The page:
Just over half of all adults aged between 21 and 35 have asked their parents for financial support in the past two years, new research has revealed.
Along with money for big items such as a wedding and a house deposit, parents are have also paid for groceries, holidays and new clothes.
Meanwhile 26 per cent of adults in this age group have moved back home with their parents in order to save money.
One in four adults aged between 21 – 35 have moved back in with their parents
Of those who have moved back home in order to save money, 84 per cent said they are regularly putting money into a savings account of an average of £205 per month.
Savings goals for this group include buying a home, prioritised by 34 per cent, clearing debts, put first by 19 per cent, and going travelling, which 13 per cent said they are saving for, according to the research from Experian.
Just over half of the 2,000 people questioned said they had received financial support from their parents over the past two years.
These respondents weren’t living at home yet 18 per cent said their parents had paid for everyday essentials such as the weekly supermarket shop.
As many as 13 per cent have been taken on a spending spree to buy new clothes, and 18 per cent had been given money to go on holiday.
When it comes to big ticket items, 9 per cent had been given money towards a wedding or a honeymoon, 7 per cent had been given a deposit for a new house which they didn’t have to pay back, 7 per cent had been given money to pay off a loan and 8 per cent had been given money to buy a new car.
A smaller percentage of parents had given their child money for a house deposit which they had to pay back, or had given them money to pay their mortgage.
James Jones, head of consumer affairs at Experian, comments: ‘The Bank of Mum and Dad is a financial institution that is becoming increasingly important, especially when it comes to purchasing a property.
‘However, our research shows that this dependence on parents by young adults goes beyond just big one-off expenses and stretches to everyday essentials. This has implications for both the youngsters’ and the parents’ financial futures, particularly if the parents’ finances become squeezed.
55 per cent of millennials have received financial support from their parents in the past 2 years
‘Whilst receiving help from parents is perhaps necessary for many, I urge young people to also be conscious of building a positive financial profile. For example, remaining on track for repayments such as credit cards, household bills and mobile phone contracts.
‘Even when times are tight, saving little and often can make a huge difference in achieving long term financial goals.’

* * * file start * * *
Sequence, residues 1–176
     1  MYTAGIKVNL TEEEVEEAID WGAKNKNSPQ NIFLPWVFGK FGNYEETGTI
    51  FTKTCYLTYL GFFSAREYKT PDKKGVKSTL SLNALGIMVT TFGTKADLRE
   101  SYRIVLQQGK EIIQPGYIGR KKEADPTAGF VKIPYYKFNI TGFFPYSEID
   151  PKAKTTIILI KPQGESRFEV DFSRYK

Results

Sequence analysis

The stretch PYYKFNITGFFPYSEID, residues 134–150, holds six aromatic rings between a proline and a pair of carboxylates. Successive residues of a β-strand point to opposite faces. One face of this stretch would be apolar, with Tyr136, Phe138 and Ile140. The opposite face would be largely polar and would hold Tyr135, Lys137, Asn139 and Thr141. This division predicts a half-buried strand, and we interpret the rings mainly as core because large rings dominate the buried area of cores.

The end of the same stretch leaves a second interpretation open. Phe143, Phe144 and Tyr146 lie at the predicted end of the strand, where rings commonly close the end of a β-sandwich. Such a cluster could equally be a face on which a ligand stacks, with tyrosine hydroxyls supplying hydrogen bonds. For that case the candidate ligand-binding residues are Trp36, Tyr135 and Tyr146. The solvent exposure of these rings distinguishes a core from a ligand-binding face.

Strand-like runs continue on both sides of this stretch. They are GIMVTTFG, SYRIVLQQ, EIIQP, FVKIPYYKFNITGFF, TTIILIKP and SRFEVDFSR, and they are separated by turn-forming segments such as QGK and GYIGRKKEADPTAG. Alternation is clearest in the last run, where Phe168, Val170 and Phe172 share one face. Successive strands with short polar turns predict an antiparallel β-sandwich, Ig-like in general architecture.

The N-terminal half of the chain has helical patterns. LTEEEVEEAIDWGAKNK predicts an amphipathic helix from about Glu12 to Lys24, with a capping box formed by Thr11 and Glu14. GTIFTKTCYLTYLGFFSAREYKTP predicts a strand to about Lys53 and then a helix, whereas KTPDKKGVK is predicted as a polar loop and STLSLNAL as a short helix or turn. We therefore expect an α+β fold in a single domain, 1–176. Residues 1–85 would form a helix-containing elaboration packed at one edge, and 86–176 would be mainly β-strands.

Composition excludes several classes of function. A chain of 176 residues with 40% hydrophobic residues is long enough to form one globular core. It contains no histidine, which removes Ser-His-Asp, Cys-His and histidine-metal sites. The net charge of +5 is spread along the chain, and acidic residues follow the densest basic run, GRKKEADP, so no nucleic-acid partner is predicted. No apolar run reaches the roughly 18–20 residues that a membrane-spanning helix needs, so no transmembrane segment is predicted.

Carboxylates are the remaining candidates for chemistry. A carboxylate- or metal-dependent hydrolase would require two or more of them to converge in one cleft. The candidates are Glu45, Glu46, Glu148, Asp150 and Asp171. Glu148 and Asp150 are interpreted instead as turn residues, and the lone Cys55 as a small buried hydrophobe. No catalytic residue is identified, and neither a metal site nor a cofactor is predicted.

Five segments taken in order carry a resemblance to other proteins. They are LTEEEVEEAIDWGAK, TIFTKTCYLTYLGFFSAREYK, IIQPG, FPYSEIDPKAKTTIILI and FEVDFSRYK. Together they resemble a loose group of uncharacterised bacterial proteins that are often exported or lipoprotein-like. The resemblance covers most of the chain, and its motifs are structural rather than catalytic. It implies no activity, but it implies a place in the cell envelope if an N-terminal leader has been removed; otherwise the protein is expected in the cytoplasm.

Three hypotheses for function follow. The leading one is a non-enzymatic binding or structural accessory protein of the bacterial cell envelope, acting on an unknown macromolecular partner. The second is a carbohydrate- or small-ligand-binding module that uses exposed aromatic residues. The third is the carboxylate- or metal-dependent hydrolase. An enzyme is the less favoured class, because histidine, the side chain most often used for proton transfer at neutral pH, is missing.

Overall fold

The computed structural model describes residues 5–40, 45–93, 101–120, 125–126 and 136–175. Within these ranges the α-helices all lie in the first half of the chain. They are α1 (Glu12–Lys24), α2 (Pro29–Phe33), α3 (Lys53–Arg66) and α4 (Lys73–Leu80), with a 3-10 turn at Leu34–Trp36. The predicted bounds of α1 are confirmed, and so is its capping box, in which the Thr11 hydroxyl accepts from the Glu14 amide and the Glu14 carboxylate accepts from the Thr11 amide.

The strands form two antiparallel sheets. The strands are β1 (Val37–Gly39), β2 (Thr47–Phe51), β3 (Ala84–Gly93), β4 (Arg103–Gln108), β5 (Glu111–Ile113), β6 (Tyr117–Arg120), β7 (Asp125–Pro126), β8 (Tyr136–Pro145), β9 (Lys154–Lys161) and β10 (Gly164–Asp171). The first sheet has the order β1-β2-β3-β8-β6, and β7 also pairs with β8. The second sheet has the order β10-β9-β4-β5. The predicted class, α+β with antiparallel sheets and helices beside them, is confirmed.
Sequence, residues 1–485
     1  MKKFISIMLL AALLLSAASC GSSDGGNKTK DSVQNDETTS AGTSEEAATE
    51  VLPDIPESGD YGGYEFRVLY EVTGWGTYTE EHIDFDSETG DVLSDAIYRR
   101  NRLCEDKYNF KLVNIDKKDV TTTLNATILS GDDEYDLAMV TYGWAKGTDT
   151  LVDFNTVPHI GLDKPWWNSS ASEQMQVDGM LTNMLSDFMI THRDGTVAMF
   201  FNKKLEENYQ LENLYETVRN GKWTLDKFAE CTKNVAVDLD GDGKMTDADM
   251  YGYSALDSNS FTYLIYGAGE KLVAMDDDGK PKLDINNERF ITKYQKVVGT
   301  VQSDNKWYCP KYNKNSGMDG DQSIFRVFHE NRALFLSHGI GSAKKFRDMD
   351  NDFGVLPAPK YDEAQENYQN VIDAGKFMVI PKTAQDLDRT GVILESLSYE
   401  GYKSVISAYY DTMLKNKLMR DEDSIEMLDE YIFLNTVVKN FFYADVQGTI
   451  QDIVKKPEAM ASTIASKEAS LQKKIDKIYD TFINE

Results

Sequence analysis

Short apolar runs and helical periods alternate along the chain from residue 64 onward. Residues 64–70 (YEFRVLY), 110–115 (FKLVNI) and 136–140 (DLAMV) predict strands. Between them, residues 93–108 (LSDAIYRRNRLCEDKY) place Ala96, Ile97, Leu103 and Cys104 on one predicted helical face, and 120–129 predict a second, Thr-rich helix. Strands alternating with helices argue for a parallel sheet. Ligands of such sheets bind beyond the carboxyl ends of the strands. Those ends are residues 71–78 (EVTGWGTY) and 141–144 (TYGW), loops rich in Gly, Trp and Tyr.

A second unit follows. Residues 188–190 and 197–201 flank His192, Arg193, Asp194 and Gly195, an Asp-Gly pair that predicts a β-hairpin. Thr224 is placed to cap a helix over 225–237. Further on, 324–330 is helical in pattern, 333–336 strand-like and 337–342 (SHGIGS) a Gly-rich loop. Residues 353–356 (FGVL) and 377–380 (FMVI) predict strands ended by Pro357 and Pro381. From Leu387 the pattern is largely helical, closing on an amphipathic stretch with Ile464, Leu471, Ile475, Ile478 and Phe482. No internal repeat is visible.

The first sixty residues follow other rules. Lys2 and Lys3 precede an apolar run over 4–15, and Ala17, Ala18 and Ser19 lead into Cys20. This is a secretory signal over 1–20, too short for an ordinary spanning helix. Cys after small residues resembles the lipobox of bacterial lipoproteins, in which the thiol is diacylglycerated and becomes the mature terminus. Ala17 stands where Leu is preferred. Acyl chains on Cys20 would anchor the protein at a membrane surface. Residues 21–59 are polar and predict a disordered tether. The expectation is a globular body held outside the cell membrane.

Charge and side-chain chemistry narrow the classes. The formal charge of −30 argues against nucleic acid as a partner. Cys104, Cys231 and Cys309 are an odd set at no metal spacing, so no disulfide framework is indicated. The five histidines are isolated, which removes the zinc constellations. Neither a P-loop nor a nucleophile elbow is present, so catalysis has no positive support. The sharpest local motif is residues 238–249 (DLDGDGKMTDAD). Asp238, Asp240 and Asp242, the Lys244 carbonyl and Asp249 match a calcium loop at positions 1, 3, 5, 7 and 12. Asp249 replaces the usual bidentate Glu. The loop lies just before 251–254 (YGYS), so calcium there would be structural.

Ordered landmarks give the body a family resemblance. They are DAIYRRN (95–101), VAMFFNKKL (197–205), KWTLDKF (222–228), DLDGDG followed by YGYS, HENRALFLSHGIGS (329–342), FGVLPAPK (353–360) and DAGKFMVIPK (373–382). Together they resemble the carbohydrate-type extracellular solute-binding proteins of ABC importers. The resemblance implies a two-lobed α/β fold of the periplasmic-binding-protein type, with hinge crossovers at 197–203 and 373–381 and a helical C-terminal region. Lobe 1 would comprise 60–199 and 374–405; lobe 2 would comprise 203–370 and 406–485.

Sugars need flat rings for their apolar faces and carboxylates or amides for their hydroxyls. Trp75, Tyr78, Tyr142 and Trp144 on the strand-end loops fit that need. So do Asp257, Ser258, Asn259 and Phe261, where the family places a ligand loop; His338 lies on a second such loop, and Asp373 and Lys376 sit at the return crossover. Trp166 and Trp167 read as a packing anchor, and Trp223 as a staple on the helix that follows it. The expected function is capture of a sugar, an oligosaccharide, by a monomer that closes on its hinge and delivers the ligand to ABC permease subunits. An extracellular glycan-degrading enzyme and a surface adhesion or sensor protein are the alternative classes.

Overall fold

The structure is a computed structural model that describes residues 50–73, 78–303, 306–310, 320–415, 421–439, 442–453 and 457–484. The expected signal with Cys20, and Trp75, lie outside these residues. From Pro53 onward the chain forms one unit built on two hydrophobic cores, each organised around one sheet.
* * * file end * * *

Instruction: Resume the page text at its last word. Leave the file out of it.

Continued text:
The average sums of money being handed over by parents for house deposits vary considerably yet a recent report from Nationwide said parents hand over an average of £18,000.
It also said parents were behind more than one in four house sales this year, with parents amounting to the equivalent of a £5.7billion mortgage lender in terms of cash doled out.
However, there are major discrepancies in the amount handed out across the country with sums ranging from an average £10,800 in Scotland and £12,000 in the North East, to £21,700 in the South East and £30,600 in London.
For a full list of alternatives if your parents aren’t in a position to hand over a wad of cash, see our article on the alternatives to the Bank of Mum and Dad.
First-time buyer saving schemes: What you need to know
Help to Buy Isa
You can save up to £200 a month into your Help to Buy Isa and in your first month, you can deposit a lump sum of up to £1,200.
The minimum Government bonus is £400, meaning that you need to have saved at least £1,600 into your Help to Buy Isa before you can claim your bonus. The maximum is £3,000 – to receive that, you need to have saved £12,000.
The Lifetime Isa pays a cash bonus worth up to £1,000 a year for every £4,000 saved. You need to be aged between 18 and 40 to open one, and you can only touch the money to buy a home, or else face a stiff 25 per cent penalty on any withdrawals before you hit the age of 60.
You can keep your money in cash, or put it into stocks or investment funds, as with other Isas.
Your savings and the bonus can be used towards a deposit on a first home worth up to £450,000 – and the deal allows two first-time buyers each to earn bonuses then pool their resources to buy a home.
If you opt to invest your Isa, remember you will need to factor in any fund and platform fees. You must also take into account that market volatility means the value of your pot can go down as well as up.
You can read more about investment Isas, and how to pick the best one for you in our round up here.
Don’t get hit by tax
If you withdraw your money from the Help to Buy Isa and do not use it to buy a home, you will benefit only from the interest payable on the account.
If you withdraw any of your money from a Lifetime Isa before you are 60 and do not spend it on the deposit for your first house purchase, you forgo the Government bonus AND you will have to pay a 25 per cent levy on the full Lifetime Isa balance.